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this matter home to every man's own soul, not only on the general ground of submission to all our Lord's ordinances, but because the bread and wine in the Eucharist was not accounted the true Sacrament of Christ, without Christ's warrant given to the person administering: which warrant, the Fathers well knew, could only be had through His Apostles and their successors.

Hear again the same St. Ignatius. "Let that Lord's Supper be counted a Lord's Supper indeed, which is ministered by the Bishop, or by one having his commission." Observe, Ignatius, the friend of the Apostles, reckons the Sacrament no Sacrament, if the consecrating minister want the Bishop's commission. Could St. Ignatius possibly mistake the mind of the Apostles on that point, he who had conversed familiarly with them at the time when the Church was used to "continue daily in breaking of bread?"

And with him agreed the whole Church of God for the first fifteen hundred years: knowing that when our Lord said, "Do this in remembrance of Me," His Apostles only were present; therefore none but they and their deputies could be said to have His warrant for blessing that bread and cup. And this is a matter pertaining to each man's salvation. For that bread and cup are the appointed mean, whereby the faithful are to partake of Christ's Body and Blood offered for their sins.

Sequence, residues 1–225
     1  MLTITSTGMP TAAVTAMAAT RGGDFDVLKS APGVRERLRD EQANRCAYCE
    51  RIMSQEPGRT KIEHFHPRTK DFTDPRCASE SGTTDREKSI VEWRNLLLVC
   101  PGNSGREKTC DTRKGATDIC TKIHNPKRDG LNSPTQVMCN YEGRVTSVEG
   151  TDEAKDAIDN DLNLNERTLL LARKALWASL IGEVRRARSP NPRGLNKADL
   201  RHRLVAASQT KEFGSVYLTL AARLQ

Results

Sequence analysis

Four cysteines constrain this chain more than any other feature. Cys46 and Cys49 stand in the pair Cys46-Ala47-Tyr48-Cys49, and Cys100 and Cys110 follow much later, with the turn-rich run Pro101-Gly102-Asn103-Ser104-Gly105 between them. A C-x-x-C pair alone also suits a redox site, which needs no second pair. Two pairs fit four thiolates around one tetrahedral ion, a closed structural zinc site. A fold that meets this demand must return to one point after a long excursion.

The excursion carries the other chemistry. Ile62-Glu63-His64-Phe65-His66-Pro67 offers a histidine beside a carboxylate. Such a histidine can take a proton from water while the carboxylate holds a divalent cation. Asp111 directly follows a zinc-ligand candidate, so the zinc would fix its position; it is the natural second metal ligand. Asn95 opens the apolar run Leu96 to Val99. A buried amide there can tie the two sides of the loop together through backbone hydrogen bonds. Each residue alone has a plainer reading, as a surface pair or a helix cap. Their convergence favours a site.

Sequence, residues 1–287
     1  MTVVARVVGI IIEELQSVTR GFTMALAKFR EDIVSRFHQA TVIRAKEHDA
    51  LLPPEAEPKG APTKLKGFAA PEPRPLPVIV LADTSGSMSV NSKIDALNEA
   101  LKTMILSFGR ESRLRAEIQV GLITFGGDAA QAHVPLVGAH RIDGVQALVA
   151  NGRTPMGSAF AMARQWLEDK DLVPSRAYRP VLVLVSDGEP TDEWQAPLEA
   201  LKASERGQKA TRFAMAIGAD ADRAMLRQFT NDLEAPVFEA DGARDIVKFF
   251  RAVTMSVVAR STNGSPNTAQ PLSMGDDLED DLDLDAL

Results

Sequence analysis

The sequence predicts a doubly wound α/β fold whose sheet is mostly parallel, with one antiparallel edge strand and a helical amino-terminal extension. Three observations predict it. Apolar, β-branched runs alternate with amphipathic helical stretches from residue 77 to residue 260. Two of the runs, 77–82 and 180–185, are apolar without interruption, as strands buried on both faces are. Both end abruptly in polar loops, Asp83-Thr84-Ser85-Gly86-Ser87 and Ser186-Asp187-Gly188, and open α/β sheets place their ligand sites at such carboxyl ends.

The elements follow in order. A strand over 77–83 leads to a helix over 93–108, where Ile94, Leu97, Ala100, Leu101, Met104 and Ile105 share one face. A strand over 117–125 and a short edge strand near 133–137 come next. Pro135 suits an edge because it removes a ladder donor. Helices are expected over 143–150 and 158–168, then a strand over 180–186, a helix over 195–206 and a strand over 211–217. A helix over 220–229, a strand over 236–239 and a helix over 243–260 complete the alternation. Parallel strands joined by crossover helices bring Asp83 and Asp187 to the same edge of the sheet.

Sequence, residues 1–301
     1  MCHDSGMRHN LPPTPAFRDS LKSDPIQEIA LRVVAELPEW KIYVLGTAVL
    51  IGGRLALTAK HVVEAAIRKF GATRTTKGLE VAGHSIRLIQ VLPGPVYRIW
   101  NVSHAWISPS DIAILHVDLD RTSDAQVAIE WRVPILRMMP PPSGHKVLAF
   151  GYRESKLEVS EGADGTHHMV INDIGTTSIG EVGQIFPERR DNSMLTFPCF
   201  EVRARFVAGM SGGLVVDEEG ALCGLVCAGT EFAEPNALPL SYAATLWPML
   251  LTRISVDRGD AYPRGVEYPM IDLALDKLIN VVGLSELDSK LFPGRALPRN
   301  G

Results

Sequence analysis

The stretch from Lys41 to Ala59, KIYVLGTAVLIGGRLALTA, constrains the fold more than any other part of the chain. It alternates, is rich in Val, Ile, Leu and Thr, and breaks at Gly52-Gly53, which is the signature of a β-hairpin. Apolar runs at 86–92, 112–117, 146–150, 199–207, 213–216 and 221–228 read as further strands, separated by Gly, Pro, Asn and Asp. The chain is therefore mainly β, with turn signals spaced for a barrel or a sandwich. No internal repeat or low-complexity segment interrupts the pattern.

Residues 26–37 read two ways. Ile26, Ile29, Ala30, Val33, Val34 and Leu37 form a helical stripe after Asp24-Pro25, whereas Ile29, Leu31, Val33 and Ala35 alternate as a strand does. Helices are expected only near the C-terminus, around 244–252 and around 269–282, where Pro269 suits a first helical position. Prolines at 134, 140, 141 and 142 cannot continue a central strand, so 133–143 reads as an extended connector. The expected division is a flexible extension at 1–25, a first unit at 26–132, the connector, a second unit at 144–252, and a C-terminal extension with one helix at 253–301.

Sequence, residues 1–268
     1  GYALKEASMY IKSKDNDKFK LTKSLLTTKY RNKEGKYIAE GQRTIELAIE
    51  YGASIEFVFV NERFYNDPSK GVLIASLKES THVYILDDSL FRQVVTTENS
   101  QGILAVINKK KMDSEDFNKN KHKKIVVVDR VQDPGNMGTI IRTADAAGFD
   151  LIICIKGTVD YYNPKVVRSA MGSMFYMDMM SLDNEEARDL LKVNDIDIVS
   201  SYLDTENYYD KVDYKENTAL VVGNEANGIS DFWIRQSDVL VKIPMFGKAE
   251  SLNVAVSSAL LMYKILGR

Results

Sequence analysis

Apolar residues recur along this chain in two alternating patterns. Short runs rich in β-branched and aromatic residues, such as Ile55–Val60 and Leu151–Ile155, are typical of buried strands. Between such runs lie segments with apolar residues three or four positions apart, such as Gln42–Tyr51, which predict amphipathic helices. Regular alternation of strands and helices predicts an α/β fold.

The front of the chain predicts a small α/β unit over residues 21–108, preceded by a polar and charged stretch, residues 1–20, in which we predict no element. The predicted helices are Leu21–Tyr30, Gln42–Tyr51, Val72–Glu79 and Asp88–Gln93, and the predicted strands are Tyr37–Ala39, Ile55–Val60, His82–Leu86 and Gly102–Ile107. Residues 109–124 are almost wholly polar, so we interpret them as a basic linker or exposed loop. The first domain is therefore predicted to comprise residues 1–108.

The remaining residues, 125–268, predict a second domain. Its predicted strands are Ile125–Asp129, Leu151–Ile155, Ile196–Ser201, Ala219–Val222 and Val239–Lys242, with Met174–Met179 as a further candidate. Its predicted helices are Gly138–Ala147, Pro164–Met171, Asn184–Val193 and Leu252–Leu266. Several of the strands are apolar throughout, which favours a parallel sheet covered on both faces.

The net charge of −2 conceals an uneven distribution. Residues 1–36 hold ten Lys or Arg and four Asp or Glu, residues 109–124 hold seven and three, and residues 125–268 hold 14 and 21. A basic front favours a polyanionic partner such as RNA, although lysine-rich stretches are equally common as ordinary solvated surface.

Can any devout man, considering this, reckon it a matter of small moment, whether the minister with whom he communicates be a minister by apostolical succession or no? In the judgment of the Church it makes no less difference than this: Whether the bread and cup which he partakes of shall be to him Christ's Body and Blood or no. I repeat it: in the judgment of the Church, the Eucharist administered without apostolical commission, may to pious minds be a very edifying ceremony, but it is not that blessed thing which our Saviour graciously meant it to be: it is not "verily and in deed taking and receiving" the Body and Blood of Him, our Incarnate Lord.

Even as St. Paul seems to intimate, when he so pointedly asks the Corinthians, "The cup of blessing which we bless, is it not the Communion of the Blood of Christ? The bread which we break, is it not the Communion of the Body of Christ ?" Why such a stress on the words, "which we bless," "which we break;"

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